Other labels include: 125I-labeling of the secondary antibody, which can be detected using a photographic film; fluorescein isothiocyanate-labeled second antibody, which can be detected using UV light; 125I-labeled Protein A, which can be used instead of a secondary antibody, as it will bind to the Fc region of IgG molecules; Gold-labeled secondary antibody, which is directly visible as a red color when they are bound with the secondary antibody to the primary antibody; Biotinylated secondary antibody, which when incubated with the secondary antibody, then incubated with enzyme-conjugated avidin which binds strongly to the biotin, will give an enhanced signal, as multiple biotin molecules can be attached to a single antibody molecule. Enzymes typically used include alkaline phosphatase (“AP”) or horseradish peroxidase (“HRP”).

Metallic enhancement of immunohistochemical detection is taught in U.S. Pat. No. 5,116,734 (Higgs et al.), incorporated herein by reference in its entirety. The '734 patent is directed to a composition of matter and a process for detecting the presence of an oxidative catalyst in a biological sample. The composition comprises a precipitate formed by oxidation of a chromogenic substrate in the presence of the catalyst, together with two or more co-precipitated reduced metals. A strong signal is formed with which to detect an oxidation catalyst which is localized to a target molecule. Target molecules may be nucleic acids, antibodies or cell surface antigens. In particular, Higgs et al. rely on a chromogenic precipitate and two or more metals, for the purpose of detecting an oxidative catalyst. Merchanthaler et al., J. Histoch. And Cytochem., 37:10 1563-65 (1989) teach silver intensification of the oxidatively polymerized DAB by pre-treating the DAB with nickel ions.

A more recent example of metallic enhancement of immunohistochemical detection includes U.S. Pat. No. 6,670,113 (Hainfeld). The '113 patent is directed to a method of producing metal in a zero oxidation state from metal ions, comprising: providing metal ions of at least one metal selected from cesium, periodic table group 1b, 2a, 4a and 8, an oxygen containing oxidizing agent and a reducing agent selected from at least one of hydroquinone, a hydroquinone derivative or n-propyl gallate; providing an oxido-reductase enzyme; combining the enzyme with the metal ions, oxidizing agent and reducing agent; and reducing at least some of the metal ions to metal in a zero oxidation state. In particular, silver ion reduction to silver metal in proximity to horseradish peroxidase when exposed to hydrogen peroxide and hydroquinone is taught.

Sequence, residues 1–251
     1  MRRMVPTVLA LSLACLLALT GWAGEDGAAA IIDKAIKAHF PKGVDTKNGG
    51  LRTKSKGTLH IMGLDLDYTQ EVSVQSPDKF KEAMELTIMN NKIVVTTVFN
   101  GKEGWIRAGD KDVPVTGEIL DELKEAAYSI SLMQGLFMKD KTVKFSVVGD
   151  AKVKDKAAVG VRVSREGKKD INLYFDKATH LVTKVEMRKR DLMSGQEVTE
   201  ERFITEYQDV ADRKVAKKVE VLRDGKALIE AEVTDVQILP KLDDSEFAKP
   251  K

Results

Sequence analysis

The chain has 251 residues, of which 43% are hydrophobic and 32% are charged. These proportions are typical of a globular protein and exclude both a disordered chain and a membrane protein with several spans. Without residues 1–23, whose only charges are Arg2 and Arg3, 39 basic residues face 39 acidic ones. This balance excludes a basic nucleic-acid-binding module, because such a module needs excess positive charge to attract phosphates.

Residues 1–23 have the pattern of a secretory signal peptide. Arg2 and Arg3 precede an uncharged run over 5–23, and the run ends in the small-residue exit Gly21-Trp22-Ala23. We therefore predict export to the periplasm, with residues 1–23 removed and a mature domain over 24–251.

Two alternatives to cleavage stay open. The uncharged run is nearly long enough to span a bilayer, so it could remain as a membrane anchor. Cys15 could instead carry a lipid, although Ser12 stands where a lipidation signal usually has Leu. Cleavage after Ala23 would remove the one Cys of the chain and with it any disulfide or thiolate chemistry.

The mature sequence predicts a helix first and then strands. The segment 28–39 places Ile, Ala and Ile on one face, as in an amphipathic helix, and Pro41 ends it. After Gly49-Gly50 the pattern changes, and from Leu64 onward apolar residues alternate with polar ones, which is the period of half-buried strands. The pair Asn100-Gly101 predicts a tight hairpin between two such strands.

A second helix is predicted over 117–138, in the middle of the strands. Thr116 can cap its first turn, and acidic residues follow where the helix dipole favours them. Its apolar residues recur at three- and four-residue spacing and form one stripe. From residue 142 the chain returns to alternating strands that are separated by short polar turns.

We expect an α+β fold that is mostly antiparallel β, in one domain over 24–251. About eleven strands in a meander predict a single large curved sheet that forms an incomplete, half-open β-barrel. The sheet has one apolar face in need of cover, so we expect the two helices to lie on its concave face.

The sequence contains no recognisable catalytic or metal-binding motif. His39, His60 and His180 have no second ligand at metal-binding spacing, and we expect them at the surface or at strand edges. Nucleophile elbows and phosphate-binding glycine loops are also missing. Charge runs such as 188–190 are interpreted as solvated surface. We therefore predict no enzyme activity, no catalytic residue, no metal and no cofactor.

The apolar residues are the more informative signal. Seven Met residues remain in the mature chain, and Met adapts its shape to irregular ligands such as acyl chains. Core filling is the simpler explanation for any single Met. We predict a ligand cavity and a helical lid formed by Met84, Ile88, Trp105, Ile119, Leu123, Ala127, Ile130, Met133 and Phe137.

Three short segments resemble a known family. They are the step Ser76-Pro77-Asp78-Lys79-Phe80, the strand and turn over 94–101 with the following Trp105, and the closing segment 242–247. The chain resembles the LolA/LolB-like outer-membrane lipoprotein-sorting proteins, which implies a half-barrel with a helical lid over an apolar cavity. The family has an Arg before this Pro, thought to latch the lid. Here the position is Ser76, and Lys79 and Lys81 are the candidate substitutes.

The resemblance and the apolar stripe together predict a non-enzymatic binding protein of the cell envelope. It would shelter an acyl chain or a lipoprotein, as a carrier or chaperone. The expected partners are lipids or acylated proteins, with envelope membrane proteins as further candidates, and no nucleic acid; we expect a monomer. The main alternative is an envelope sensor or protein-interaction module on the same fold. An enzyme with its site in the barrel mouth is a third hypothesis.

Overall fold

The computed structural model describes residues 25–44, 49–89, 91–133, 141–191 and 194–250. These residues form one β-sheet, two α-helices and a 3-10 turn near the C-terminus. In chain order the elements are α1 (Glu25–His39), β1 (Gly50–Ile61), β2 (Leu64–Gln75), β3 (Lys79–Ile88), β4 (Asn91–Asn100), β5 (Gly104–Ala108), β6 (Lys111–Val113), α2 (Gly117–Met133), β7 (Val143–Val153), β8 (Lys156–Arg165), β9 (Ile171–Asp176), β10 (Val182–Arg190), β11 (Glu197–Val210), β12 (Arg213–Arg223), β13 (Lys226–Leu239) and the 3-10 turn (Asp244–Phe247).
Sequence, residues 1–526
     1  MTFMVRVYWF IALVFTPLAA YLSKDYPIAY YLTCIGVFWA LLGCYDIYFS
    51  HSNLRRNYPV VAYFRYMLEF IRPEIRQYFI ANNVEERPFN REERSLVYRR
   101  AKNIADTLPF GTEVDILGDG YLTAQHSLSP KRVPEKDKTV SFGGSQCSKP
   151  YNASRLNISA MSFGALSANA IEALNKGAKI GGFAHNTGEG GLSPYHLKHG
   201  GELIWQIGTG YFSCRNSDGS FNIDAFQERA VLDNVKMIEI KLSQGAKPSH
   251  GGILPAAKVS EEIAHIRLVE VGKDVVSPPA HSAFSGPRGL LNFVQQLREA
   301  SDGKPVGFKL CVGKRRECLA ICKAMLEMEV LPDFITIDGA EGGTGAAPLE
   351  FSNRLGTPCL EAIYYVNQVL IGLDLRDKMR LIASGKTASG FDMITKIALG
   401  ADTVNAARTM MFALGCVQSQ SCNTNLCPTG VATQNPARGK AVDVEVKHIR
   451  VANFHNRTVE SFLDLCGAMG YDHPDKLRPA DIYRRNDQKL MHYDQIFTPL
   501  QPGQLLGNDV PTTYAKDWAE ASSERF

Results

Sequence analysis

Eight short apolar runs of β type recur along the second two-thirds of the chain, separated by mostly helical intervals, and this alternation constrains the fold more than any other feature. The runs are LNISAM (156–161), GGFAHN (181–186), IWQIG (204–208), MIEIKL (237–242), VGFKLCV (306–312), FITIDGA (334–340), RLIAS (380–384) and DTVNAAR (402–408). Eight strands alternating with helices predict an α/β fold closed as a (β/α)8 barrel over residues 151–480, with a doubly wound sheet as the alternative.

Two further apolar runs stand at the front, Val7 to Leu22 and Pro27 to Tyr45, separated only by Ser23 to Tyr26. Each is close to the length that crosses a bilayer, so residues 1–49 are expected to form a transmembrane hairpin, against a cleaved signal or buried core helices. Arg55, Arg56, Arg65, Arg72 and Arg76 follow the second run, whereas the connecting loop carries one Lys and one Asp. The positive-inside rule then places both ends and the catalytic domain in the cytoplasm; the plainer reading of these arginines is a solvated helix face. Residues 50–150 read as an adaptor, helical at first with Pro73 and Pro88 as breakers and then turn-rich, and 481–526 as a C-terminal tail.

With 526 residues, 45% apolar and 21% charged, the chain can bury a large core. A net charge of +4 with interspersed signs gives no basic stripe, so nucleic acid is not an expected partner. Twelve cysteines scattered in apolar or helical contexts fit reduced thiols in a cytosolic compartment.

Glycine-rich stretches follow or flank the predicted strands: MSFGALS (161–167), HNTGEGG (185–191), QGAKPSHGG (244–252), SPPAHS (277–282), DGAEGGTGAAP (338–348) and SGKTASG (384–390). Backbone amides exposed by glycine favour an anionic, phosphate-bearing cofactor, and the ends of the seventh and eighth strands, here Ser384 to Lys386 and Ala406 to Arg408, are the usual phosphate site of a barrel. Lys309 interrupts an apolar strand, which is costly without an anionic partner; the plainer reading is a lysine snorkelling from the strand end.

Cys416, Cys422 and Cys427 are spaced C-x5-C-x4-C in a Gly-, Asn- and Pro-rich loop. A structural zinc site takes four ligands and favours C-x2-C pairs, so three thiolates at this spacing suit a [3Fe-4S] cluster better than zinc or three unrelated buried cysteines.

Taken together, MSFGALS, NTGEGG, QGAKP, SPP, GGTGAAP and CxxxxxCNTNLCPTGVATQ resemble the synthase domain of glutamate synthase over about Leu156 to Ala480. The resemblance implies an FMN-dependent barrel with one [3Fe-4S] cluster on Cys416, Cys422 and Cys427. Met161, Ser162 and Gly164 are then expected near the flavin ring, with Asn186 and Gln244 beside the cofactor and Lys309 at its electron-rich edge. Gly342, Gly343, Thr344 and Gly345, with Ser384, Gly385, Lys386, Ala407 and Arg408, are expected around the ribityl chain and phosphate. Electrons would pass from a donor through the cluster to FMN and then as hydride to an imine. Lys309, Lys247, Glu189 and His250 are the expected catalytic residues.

There continues to be a need for better biochemical techniques for visually identifying immunohistochemical epitopes and DNA targets of interest via bright field light microscopy.

SUMMARY OF THE INVENTION

The invention is directed to novel compositions of matter and methods of detecting in situ an immunohistochemical epitope or nucleic acid sequence of interest in a biological sample comprising binding an enzyme-labeled conjugate molecule to the epitope or sequence of interest in the presence of a redox-inactive reductive species and a soluble metal ion, thereby catalyzing the reduction of the metal ion to a metal in oxidation state 0 at or about the point where the enzyme is anchored. Novel phosphate derivatives of reducing agents are described that when exposed to a phosphatase enzyme are activated to their reducing form, thereby reducing metal ions to insoluble metal particles in oxidation state 0.

The invention is also directed to a compound having the general structure (IV) shown below:


wherein

  • R1 may be H, alkyl, aryl, carboxyl, carboxyalkyl, NH2, (CH2)n—COOH—, nitro, ether, thioether and sulphonate;
  • R2 may be H, alkyl, aryl, carboxyl, carboxyalkyl, NH2, or (CH2)n—COOH—, nitro, ether, thioether and sulphonate; and
  • Z may be PO3 2−, H, α-galactose, β-galactose, α-glucose, β-glucose, ester, and β-lactam; but both Zs may not be H. A preferred compound has both Zs=phosphate.

The invention is also directed to a compound having the general structure (V):


wherein

  • R1 may be H, alkyl, aryl, carboxyl, carboxyalkyl, NH2, (CH2)n—COOH—, nitro, ether, thioether and sulphonate; and
  • Z may be PO3 2−, α-galactose, β-galactose, α-glucose, β-glucose, ester, and β-lactam. A particularly preferred compound has Z =phosphate.

The invention is also directed to a compound having the general structure (VI):


wherein

  • R1 may be H, alkyl, aryl, carboxyl, carboxyalkyl, NH2, (CH2)n—COOH—, nitro, ether, thioether or sulphonate; and